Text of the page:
Urging our nation's leaders to end hunger
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Stephen Groth: Exercising New Muscles

July 2013

In 2010, a book signing by David Beckmann for Exodus from Hunger drew the attention of Stephen Groth of Ardsley, New York.  “I had retired,” remembers Groth, “and I wanted to devote myself to activities that end hunger.” 

Beckmann’s message, and that of Bread for the World, resonated with Groth, who purchased 10 copies of the book to hand out to his fellow parishioners at St. Barnabas Episcopal Church.  He assumed that the congregation would quickly answer the call to become advocates for poor and hungry people; but it was 15 months before St. Barnabas—which draws around 40 people to Sunday worship—held its first Offering of Letters.  

Why the delay?  First, Groth wanted to look to and learn from another local church conducting an Offering before St. Barnabas ventured to write letters on its own.  However, to his surprise, he could not find one nearby—a gap in involvement which would motivate him to increase his efforts to spread Bread’s message, not just to his own church members, but to people of faith in the community as a whole.

After St. Barnabas’ successful Offering of Letters in March 2012, Groth engaged a local interfaith group of 11 churches and 4 synagogues to hold a community-wide Offering of Letters the following month.  Despite extensive publicity and outreach to the community, only a scant few attended.  Groth chose not to despair, instead seeing the small attendance as confirmation that his efforts to bring Bread’s work to his community’s attention were truly needed.  Groth says, “It’s really important to be persistent,” in reaching new audiences.  So, in the fall of 2012, he once again stretched beyond his parish to try to involve other local churches in advocacy, using Bread for the World Sunday as an entry point.

Groth believes Bread for the World Sunday can serve different purposes for different congregations in different places along their journey.  For those who conduct an Offering of Letters early in the year, “Bread for the World Sunday should be celebratory,” he says—a chance to lift up successes in the fight against hunger.  Meanwhile, for churches that are newer to advocacy, it can be a time to learn about Bread for the World and to be mindful of and pray for hungry people.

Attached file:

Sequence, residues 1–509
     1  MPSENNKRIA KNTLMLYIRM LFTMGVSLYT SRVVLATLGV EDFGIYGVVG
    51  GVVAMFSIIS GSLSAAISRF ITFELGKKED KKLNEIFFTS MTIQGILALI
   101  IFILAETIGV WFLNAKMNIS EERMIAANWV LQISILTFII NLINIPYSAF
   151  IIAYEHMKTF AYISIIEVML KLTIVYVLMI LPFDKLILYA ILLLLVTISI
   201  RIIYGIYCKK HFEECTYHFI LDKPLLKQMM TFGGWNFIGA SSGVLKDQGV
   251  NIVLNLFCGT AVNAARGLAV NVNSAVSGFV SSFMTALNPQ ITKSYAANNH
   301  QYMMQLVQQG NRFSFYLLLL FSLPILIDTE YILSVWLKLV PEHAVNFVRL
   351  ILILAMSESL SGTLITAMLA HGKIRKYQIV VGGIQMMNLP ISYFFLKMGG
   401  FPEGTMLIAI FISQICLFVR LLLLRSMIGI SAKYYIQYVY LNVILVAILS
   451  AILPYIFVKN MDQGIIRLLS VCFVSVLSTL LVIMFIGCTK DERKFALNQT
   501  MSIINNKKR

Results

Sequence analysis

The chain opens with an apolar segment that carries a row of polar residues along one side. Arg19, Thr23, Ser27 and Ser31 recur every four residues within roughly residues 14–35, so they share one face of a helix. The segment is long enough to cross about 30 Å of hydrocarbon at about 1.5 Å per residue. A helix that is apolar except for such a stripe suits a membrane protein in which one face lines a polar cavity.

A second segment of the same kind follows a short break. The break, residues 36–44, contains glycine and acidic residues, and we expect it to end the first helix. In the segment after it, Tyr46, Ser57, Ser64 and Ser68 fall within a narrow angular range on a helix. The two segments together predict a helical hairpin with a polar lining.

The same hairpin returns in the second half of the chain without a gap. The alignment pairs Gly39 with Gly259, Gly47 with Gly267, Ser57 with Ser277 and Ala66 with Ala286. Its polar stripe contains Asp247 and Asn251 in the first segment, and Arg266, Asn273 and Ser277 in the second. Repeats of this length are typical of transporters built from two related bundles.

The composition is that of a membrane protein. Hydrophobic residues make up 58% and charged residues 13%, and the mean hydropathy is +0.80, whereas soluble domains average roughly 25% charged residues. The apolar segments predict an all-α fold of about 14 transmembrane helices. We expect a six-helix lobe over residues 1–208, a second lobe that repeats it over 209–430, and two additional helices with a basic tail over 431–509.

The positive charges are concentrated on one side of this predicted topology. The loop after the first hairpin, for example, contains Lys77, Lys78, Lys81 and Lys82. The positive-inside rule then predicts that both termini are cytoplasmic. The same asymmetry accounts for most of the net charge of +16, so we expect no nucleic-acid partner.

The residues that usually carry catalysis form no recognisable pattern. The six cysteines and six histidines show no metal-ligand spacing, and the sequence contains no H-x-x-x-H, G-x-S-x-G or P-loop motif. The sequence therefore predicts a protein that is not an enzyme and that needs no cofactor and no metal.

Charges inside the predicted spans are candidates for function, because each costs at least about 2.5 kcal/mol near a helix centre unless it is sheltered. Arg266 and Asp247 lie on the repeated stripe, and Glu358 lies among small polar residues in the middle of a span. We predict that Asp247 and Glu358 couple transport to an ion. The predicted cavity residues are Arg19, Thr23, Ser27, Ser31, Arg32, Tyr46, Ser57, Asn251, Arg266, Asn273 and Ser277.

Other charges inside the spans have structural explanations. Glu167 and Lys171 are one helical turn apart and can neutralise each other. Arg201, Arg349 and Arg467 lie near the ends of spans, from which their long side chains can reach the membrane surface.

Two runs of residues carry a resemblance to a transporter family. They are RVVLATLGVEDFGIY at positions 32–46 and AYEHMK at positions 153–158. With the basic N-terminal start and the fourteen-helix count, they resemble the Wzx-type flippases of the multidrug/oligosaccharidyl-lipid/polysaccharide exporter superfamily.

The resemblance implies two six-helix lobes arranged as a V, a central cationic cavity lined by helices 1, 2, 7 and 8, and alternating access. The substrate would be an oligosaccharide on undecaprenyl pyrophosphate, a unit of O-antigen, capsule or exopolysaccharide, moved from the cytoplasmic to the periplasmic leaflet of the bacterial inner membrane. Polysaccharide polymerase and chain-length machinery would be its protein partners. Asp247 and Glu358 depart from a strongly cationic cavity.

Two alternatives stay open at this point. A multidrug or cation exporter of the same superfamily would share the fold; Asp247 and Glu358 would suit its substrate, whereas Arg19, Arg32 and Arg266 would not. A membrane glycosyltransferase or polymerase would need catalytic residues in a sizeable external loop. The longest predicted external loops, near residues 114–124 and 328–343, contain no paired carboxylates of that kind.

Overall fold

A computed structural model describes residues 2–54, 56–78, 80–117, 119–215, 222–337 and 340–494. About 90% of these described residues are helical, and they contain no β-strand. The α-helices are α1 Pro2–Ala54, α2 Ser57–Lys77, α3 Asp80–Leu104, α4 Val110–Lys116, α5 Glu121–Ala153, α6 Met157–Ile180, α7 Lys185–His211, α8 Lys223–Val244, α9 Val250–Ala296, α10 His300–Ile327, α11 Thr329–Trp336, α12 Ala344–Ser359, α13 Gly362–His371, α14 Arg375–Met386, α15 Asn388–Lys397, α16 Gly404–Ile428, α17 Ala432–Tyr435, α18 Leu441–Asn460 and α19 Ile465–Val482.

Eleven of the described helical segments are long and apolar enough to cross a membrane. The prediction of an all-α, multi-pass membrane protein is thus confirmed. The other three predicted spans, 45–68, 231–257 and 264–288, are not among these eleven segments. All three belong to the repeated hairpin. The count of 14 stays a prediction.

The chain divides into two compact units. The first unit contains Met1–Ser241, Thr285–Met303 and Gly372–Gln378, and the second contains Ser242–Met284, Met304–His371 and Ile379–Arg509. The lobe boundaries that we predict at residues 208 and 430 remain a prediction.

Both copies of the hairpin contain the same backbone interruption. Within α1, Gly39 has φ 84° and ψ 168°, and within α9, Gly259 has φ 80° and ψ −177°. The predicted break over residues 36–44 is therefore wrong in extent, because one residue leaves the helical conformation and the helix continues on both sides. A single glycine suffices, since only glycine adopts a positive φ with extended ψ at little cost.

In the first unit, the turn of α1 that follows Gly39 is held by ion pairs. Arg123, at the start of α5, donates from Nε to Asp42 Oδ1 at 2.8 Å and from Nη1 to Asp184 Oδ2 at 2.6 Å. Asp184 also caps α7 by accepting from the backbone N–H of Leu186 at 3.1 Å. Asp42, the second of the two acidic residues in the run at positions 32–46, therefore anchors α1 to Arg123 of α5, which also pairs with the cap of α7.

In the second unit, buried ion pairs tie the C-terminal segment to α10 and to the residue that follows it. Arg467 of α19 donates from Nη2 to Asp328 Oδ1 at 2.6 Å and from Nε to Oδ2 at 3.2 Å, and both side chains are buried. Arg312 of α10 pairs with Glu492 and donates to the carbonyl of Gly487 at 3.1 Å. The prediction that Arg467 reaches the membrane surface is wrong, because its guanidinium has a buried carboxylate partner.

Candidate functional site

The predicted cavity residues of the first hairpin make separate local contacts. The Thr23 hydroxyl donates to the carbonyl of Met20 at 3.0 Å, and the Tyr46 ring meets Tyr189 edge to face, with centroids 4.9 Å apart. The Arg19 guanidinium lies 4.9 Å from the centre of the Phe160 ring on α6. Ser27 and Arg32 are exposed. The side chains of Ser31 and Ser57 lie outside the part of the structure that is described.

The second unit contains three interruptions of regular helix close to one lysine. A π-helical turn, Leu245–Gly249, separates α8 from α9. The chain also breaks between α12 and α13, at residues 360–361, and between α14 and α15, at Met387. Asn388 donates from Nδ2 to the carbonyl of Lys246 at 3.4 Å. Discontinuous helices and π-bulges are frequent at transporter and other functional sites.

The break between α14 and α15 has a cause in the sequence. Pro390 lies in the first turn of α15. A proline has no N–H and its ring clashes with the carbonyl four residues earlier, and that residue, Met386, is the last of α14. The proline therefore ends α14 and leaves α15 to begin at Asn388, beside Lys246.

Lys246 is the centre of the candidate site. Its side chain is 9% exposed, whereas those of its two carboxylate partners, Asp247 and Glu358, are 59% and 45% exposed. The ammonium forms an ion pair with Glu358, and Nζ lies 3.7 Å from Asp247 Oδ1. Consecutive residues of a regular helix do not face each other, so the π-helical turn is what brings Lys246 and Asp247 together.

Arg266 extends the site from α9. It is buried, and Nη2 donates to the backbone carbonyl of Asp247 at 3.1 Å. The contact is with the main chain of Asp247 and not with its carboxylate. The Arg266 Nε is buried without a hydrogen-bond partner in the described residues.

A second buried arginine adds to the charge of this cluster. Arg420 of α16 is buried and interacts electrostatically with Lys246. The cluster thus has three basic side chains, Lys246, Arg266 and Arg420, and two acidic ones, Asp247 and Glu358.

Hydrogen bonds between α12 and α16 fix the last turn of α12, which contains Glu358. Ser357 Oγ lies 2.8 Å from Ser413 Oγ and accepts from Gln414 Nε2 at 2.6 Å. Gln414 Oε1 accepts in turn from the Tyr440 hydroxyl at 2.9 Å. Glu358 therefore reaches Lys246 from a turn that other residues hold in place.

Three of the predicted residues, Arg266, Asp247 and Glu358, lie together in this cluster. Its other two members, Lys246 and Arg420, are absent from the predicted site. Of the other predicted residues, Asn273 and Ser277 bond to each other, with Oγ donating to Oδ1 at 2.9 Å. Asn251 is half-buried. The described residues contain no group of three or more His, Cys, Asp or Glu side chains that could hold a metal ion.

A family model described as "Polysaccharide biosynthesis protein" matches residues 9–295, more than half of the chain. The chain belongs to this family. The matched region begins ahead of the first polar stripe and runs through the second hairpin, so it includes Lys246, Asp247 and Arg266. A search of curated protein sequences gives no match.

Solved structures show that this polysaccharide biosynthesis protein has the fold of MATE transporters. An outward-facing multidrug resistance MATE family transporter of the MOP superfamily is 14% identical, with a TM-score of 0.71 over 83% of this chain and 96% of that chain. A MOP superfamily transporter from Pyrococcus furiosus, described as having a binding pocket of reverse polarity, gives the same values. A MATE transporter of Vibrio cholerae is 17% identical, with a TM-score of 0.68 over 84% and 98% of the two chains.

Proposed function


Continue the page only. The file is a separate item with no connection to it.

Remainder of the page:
At Bread for the World Sunday at St. Barnabas, asking parish members to share in reading the litany provided in the Bread for the World Sunday Resource Kit proved particularly effective.  Groth feels the litany, prayers, and worship resources provided by Bread are helpful to use during worship, especially with their message reinforced by additional materials—such as Bread’s newsletter—given to members after church in order to continue to learn about Bread.

According to Groth, and echoed by many other churches which celebrate Bread for the World Sunday, the hunger and poverty fact sheets with information about hunger at both the state and international levels  are valuable tools that Bread provides.  “Each one of those bullet points is so powerful,” he says, suggesting that congregations unpack the fact sheets by highlighting one fact in the church bulletin each week leading up to Bread for the World Sunday.

Today, Groth remains eager to address the ongoing challenge of encouraging those who already invest in anti-hunger efforts through food pantries and meal programs to become advocates as well.  “Engaging with Bread is like exercising new muscles,” he jokes.  He believes that it may seem strange at first, but in the end it is good—not just for hungry people, but also for the development of one’s own faith.

“Steve has worked really hard to bring Bread for the World to the attention of new individuals and congregations,” says Vince Mezzera, Bread's Associate Manager for Membership Resources.   “You can’t talk with him and not come away with a sense of how committed he is to Bread’s work to end hunger.”   

As Groth continues to ponder ways to reach out to more individuals and engage them in advocacy to end hunger, he wants to convince them that “What you do really matters, and it matters that you support Bread.”  Whether that support comes in the form of activism or prayer, he says, “You matter to Bread.”

Celebrate Bread for the World Sunday on October 20, 2013, or on any date this fall.  Join thousands of other Christians across the country as they lift up their voices on behalf of hungry people.  To learn more about how you can get involved and to order materials new for 2013, visit www.bread.org/sunday.

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